If faced with a claim the employer may be able to show that the practice is justified. However as a result of feedback from previous consultation papers the Government has realised that many employers will withdraw the benefit completely or level it downwards rather than facing the risk of a challenge.

In order to avoid the new legislation reducing the level of benefits available to employees it has been decided to include a limited exemption for employment benefits. This provides that use of length of service for all types of benefits is lawful if:

  • Awarding or increasing the benefit is meant to reflect the higher level of experience of the employee, or to reward the loyalty of the employee, or to increase or maintain the motivation of the employee;

  • The employer has concluded that there will be a business benefit resulting from the higher level of experience of staff or from rewarding staff loyalty or increasing or maintaining staff motivation; and

  • The employer applies the length of service criterion similarly to staff in similar situations.

There are also two specific exemptions where the length of service requirement is up to five years or where the service requirement mirrors a similar requirement in a statutory benefit.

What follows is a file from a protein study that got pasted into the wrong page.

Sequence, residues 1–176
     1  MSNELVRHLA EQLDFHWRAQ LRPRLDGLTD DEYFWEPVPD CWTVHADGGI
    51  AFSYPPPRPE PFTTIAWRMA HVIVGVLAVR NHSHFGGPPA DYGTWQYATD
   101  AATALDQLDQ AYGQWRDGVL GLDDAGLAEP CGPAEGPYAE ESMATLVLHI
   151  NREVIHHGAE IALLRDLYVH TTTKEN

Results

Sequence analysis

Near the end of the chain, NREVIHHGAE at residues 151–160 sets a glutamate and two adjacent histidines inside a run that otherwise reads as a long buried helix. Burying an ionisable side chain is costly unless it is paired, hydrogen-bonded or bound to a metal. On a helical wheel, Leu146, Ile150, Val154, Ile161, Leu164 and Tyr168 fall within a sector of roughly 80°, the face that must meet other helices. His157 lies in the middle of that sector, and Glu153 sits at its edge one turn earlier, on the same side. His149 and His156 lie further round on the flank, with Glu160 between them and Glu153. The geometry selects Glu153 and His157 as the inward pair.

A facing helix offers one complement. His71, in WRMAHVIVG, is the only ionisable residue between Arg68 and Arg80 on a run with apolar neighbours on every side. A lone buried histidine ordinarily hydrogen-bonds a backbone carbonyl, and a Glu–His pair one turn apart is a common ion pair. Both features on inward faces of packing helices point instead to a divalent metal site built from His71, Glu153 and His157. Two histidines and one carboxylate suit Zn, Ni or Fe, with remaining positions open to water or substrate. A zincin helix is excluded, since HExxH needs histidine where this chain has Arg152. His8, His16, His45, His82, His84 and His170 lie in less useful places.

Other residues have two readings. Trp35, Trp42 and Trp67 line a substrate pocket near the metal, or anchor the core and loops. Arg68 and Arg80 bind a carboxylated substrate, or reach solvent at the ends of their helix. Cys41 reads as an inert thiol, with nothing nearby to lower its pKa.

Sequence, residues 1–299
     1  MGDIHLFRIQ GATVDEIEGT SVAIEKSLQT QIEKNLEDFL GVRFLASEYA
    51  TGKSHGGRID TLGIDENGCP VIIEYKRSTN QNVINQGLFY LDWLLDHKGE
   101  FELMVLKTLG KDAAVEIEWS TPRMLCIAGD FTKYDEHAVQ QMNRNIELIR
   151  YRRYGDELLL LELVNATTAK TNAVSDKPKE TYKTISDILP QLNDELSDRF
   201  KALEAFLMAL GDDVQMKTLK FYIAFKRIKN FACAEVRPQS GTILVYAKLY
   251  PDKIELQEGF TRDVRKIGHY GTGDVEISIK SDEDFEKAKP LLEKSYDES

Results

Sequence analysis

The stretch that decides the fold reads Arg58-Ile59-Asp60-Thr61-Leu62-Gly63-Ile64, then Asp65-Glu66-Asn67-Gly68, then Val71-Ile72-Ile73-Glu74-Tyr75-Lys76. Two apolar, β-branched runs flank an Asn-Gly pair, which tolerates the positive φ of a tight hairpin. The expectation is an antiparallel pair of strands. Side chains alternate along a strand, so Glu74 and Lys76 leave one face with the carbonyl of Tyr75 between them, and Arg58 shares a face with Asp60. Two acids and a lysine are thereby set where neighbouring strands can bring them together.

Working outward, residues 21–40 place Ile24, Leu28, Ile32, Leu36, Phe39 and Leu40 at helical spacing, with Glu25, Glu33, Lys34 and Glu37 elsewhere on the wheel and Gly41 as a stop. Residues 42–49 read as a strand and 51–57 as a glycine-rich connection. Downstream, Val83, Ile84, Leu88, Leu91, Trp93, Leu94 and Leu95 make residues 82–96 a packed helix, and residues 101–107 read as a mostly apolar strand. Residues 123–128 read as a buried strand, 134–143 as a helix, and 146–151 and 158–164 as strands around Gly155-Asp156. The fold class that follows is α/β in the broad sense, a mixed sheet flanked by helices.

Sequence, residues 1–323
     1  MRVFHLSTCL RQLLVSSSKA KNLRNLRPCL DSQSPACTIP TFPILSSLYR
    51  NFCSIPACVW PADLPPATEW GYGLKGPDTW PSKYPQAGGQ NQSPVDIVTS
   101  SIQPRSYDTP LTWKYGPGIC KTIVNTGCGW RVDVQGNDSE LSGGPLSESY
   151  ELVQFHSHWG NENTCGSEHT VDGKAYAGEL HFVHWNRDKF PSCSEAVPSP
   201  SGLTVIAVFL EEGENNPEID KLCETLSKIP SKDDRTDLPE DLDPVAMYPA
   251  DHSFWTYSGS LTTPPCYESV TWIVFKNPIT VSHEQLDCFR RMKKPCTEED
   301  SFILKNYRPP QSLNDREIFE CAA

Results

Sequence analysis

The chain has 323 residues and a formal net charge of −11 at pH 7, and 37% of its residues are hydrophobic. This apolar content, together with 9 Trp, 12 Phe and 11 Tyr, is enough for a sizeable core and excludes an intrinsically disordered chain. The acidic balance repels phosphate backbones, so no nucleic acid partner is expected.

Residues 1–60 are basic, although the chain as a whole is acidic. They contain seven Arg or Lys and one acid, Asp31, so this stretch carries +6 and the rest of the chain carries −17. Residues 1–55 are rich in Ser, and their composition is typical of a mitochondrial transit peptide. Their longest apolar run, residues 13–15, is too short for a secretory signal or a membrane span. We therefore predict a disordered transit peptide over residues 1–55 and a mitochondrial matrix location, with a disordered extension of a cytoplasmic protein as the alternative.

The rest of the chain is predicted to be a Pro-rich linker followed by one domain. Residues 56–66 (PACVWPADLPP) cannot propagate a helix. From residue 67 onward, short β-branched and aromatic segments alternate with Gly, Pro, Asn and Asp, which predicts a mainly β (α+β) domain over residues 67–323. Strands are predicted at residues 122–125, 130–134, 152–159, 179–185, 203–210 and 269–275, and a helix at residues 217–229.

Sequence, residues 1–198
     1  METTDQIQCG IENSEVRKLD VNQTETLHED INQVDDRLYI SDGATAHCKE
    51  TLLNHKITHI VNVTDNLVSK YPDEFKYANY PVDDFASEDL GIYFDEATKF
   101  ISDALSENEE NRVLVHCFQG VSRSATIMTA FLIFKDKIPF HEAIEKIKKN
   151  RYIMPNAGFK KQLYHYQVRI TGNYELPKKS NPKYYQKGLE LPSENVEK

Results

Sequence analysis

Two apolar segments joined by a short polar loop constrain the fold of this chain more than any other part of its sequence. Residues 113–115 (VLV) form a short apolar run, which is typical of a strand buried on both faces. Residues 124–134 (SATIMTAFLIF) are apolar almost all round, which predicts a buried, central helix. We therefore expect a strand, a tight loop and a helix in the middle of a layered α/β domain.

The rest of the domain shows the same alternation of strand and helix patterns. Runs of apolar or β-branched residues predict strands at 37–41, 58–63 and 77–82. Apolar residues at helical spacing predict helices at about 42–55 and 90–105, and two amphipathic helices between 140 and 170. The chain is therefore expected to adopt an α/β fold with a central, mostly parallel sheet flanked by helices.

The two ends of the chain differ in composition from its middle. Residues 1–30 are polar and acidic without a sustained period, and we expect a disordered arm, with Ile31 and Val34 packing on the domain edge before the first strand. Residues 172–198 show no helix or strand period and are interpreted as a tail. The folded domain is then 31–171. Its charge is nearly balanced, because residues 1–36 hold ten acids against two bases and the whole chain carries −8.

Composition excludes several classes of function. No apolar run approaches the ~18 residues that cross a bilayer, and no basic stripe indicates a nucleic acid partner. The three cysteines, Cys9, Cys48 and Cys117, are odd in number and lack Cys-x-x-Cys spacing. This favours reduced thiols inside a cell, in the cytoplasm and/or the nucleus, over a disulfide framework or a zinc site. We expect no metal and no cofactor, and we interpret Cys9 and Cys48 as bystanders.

Outside of this exemption the employer will still have to show the policy is justified. For example if there is free private health insurance provided for those employees under 60 years of age this will have to be shown to be justified, i.e. it pursues a legitimate aim and it is an appropriate and necessary means of achieving that aim.

Retirement
This area has been the most controversial in the consultation stages of the new legislation. If age discrimination meant retirement ages were unlawful then anybody could bring a claim of unfair dismissal if retired. This would have caused considerable problems in workforce turnover and recruitment planning. However the widely expected prohibition of retirement ages is at present not proposed. The proposal under the draft legislation is to:

  • set a default retirement age of 65

  • create a right for employees to request working beyond a compulsory retirement age, which employers will have a duty to consider

  • closely monitor the appropriateness of keeping a retirement age, subjecting it to formal review five years from implementation

Employers that operate a policy whereby employees have to retire before the age of 65 will now have to either show objective justification for this or increase the compulsory retirement age. People will no longer be required to retire before 65 unless proper justification can be shown.

The duty of the employer to consider a request to work beyond retirement is subject to the same procedural rules that apply to requests for flexible working. The employer must inform the employee of the right to make the request and follow all the procedural steps if one is then made or the Tribunal may make an award of up to eight weeks pay.

Checklist

  • Review recruitment and promotion procedures, as these will be ‘popular’ areas for claims.

  • Ensure age related benefits are objectively justified or within the exemptions.

  • Pre-65 retirement will also have to be justified or the retirement age increased.

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Annie Hayes